The green field in the top pie chart represents the five local and co-produced projects that received $7.7M, or 12% of the  NZSPG investment;  some of the local productions also received NZFC funding, not necessarily in the 2015-2016 year. The writer and director gender balance was better than in the last category, as this pie chart shows. But not as good as in the taxpayer funding in local feature films, via the NZFC and represented by the blue field in the top pie chart.

New Zealand taxpayer NZSPG investment in New Zealand and co-production features 2015-2016: by writer and director gender

These films also had some female elements – in Mahana and Born To Dance for instance – and Atomic Falafel had female protagonists: more men are making films with female protagonists since the market for these films was confirmed.  But only one production, 25 April, had a woman director, New Zealand's Leanne Pooley.

One authoritative writer, Scott Mendelson, has speculated that A Wrinkle in Time will be a game changer. Writing in Forbes about  this 'special effects and spectacle-filled fantasy that just happens to star a cast headlined by a young black actress and surrounded by people who aren’t almost entirely made up of white guys', he said–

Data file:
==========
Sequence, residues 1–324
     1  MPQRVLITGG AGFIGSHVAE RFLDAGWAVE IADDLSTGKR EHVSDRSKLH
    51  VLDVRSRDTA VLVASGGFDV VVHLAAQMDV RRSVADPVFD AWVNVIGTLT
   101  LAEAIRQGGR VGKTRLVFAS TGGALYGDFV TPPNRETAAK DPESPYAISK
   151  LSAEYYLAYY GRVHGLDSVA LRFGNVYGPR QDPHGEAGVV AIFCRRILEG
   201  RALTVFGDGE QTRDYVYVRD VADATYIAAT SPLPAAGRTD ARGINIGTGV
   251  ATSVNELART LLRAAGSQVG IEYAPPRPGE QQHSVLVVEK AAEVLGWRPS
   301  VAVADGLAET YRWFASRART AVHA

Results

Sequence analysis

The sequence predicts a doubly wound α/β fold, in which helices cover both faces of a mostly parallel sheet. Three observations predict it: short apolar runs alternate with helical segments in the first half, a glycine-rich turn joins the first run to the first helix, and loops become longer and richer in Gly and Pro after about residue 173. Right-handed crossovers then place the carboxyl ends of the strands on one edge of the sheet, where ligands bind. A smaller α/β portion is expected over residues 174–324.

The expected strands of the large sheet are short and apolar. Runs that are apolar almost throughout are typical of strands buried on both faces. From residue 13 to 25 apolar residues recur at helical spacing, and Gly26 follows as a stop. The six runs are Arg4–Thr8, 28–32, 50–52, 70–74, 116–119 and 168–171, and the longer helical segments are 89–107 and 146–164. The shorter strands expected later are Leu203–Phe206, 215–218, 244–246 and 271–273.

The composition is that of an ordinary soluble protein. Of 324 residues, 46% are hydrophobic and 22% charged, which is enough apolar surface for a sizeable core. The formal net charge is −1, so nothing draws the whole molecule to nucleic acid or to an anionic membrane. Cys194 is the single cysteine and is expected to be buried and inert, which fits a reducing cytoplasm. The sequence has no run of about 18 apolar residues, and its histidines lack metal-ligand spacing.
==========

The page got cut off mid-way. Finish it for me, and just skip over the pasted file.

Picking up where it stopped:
It could be the big hit that offers substantial evidence that you don’t have to have a male lead to score big box office around the world. You don’t have to have mostly white characters to be a big blockbuster. And female filmmakers, even non-white female filmmakers, are just as capable of making a studio-backed big budget fantasy adventure as the white guys who get the keys to the franchise kingdom after one well-liked indie breakout.